Dividend Stock Analysis: Aflac

| About: Aflac Incorporated (AFL)

After doing an analysis of McDonald's (NYSE:MCD) last week, there was another stock on my radar that I wanted to check out. To be honest, I didn't know much about this Dividend Aristocrat, Aflac (NYSE:AFL). I've been trading for several years, but I've only been looking into dividend stocks since 2008. The fact that Aflac (American Family Life Assurance Company) is an insurance company was enough for me to look elsewhere.

But the fact that Aflac was part of our Dividend Growth Index caught my attention. I thought that if a dividend investor such as Passive Income Earner picked Aflac, I should take a look at it. So here's my Aflac analysis.

Company Description

Aflac is mainly active in the life and health insurance industry. It operates two main businesses: Aflac U.S. and Aflac Japan. It covers most supplemental insurance products from cancer and care plans to annuities. It does not offer home insurance in Japan, so Aflac wasn't affected by the tsunami. The rise of cancer in today's society is definitely a great market for it. Most people have general insurance provided by their employer, but will look for more protection from companies such as Aflac.

Aflac Ratio and Financial Info:

  • Current Dividend Yield: 2.92%
  • Five-year Dividend Growth: 15.11%
  • One-year Dividend Growth: 9.09%

Company Metrics

  • Sales Growth (one year): 11.97%
  • Sales Growth (five years): 10.21%
  • EPS Growth (one year): 15.61%
  • EPS Growth (five years): 14.37%
  • P/E ratio: 7.0389
  • PEGRatio (three-year expected): 0.5502
  • Payout ratio: 29.0%
  • Return on Equity: 15.99%

I was mostly impressed by two things when I looked at Aflac's metrics. The first thing is the fact that it kept increasing its dividend in 2008. While AIG was going bust and Aflac had lost 30% on the stock market, it sent a strong message by keeping its Aristocrat habit of raising its dividend. With a payout ratio of 29%, we can understand that even the worst economic crisis of the century was not enough to slow Aflac's dividend growth.

The second metric that impresses me is its sales growth in a relatively mature market. Since insurance products have been around for so many years, you wouldn't expect double-digit growth during a tough economy. But both sales and earnings grew significantly. This explains why the dividend growth is in the double digits as well.

Technical Analysis

Aflac is trading on a downtrend.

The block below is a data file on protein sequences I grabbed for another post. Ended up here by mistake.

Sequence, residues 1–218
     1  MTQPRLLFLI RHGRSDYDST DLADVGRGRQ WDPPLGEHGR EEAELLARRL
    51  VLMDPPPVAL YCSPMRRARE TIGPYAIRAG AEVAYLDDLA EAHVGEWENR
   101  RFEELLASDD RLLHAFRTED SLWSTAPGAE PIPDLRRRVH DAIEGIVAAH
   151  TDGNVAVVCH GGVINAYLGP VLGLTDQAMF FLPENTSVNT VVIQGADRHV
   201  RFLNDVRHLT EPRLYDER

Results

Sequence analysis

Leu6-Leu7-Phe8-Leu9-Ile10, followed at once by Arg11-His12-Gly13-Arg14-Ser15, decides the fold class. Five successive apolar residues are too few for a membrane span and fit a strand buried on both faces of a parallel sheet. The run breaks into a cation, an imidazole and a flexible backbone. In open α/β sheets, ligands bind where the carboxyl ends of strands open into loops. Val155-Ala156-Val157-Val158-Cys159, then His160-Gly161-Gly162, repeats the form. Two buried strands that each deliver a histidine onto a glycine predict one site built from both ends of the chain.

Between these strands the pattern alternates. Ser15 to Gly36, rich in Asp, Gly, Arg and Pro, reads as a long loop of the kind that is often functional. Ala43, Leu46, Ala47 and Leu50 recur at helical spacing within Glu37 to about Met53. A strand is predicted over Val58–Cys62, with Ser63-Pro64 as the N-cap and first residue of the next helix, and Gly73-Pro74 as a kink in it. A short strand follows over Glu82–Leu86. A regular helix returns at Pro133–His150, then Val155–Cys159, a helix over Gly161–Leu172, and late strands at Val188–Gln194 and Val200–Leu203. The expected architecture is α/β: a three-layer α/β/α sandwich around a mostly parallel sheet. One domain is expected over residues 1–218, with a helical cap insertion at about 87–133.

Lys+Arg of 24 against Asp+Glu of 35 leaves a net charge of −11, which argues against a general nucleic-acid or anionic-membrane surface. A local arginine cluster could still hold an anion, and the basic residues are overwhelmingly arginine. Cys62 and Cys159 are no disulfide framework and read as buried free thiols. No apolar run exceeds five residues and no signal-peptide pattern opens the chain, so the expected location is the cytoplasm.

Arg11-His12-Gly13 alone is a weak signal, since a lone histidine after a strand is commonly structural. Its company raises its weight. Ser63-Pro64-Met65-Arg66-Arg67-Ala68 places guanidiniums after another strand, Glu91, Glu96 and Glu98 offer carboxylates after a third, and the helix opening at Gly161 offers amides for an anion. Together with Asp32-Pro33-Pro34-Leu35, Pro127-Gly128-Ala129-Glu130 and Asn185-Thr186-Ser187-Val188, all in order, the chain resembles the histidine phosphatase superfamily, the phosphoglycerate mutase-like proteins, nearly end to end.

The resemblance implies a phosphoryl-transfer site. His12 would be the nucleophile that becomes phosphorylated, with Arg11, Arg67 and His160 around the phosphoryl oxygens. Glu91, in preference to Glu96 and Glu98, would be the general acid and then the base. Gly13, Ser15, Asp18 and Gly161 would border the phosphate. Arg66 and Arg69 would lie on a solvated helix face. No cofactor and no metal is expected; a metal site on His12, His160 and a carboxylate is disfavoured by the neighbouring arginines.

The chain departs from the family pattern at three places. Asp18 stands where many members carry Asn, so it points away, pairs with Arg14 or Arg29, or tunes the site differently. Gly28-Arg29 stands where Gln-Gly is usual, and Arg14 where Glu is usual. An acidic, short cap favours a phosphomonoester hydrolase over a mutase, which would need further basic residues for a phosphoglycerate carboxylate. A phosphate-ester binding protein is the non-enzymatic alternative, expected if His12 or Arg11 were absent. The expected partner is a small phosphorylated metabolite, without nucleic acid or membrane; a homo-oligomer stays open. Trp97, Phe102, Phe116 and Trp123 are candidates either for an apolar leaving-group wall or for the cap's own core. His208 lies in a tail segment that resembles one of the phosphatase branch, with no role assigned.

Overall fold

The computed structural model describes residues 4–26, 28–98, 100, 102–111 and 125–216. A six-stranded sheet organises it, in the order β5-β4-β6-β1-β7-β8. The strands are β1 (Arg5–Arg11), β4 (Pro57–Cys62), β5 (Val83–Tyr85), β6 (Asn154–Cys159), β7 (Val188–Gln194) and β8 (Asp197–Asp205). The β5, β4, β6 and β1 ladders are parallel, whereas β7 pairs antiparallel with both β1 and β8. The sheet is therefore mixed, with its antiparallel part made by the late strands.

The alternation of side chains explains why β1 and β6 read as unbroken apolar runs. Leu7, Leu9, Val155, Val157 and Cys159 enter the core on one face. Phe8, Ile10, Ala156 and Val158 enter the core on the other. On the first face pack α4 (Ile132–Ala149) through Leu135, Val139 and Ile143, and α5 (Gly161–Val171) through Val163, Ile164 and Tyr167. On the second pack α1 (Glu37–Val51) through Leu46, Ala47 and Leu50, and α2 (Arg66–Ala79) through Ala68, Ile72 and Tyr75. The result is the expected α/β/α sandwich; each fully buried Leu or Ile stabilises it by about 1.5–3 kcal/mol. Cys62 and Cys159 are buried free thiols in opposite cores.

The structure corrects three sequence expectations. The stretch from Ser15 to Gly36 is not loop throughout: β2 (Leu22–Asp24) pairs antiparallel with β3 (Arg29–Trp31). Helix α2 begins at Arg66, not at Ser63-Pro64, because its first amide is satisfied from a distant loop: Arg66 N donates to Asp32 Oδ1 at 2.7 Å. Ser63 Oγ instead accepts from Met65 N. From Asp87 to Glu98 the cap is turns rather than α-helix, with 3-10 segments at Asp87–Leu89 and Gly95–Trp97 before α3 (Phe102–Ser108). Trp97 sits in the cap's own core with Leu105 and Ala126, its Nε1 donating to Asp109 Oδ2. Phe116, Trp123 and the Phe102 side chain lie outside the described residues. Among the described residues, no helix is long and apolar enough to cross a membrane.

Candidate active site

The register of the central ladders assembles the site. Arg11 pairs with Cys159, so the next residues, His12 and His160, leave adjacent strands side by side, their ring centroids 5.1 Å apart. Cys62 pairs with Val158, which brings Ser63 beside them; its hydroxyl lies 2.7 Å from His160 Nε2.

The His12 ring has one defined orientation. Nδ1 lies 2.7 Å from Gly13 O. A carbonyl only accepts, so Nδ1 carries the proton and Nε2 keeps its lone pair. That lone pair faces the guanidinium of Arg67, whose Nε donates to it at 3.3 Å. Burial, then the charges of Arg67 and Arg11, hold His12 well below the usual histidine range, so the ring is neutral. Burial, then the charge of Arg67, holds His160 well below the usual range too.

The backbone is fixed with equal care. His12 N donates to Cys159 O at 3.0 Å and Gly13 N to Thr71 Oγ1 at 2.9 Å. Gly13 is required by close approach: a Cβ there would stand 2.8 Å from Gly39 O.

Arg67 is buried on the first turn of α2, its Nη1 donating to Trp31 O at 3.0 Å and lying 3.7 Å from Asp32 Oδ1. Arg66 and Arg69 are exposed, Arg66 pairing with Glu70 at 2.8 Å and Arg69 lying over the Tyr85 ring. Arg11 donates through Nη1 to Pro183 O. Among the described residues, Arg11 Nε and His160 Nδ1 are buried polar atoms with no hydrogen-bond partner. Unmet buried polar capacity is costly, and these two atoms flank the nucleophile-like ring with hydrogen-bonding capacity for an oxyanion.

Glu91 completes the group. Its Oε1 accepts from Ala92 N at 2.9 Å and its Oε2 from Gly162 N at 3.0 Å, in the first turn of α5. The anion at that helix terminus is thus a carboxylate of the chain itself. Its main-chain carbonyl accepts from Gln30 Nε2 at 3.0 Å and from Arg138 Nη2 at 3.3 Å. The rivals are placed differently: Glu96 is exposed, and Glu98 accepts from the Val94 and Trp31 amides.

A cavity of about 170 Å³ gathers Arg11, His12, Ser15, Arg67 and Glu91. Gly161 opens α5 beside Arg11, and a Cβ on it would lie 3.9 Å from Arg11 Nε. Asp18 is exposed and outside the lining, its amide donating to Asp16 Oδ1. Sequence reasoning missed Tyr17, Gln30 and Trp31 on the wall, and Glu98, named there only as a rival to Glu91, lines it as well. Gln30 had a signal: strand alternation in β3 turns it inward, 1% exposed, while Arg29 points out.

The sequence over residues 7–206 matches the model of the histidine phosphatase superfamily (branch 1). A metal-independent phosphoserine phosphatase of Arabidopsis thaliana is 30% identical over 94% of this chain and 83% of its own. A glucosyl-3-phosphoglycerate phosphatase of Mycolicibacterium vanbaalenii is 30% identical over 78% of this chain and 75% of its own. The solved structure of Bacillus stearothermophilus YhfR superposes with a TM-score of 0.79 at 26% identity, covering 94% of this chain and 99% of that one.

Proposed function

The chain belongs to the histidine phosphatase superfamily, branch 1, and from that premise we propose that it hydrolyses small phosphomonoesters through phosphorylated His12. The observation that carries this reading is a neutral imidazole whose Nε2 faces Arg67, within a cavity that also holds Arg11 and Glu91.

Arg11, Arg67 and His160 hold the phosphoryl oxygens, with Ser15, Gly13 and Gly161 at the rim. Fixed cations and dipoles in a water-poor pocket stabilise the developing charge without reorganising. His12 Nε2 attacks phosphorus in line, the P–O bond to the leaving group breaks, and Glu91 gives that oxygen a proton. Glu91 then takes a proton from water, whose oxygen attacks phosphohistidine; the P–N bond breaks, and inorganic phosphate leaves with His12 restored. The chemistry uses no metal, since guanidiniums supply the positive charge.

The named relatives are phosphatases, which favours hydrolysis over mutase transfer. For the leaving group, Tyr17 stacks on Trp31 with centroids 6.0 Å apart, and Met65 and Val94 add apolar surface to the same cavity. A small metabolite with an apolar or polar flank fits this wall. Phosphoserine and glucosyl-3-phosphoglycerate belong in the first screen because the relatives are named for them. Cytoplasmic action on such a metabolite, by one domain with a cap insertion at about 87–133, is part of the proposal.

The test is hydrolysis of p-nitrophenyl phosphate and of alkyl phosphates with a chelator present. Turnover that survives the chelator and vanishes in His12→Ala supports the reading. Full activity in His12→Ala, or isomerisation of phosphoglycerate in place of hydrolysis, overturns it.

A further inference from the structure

Upcoming Opportunities and Dangers

Back in 2009, 73% of Aflac's revenue came from Japan. While it provides a great geographical diversification, three-quarters seems a bit too concentrated. It's more like having a Japanese company operating in the U.S. The currency risk is not too important for Aflac, as it rarely converts its assets. Therefore, the company uses its yen to invest in yen and its U.S. dollars to do the same.

Aflac's presence in Japan is also an advantage when compared to its main competitors (AIG and MetLife). While they are both a lot bigger than Aflac, theJapan niche is well-guarded.

After missing Q4 estimates in January, Aflac recently increased its expectation for its Japan division for 2012.

Overall EPS should be between $6.46 and $6.65 vs. an estimate of $6.47. With a very low P/E ratio, you can't really go wrong with Aflac.

Final Thoughts

Looking at Aflac, I'm still a bit reluctant to add it to my watch list since it's an insurance company (never invest in something you don't understand, right?). I do understand how insurance works, but what I don't know is how it manages its asset portfolio to make sure the company is able to cover all claims. The success lies in how Aflac assesses its cash flow needs along with how it manages its assets in the meantime.

Aflac obviously does a great job in both cases if you look at its continuously growing numbers. The fact that its payout and P/E ratios are both very low leads me to guess that both the dividend and stock price will rise in the future. For that reason, Aflac will be added to the "stocks on my radar" list.

Disclaimer: I had no positions in AFL at the time this article was written.

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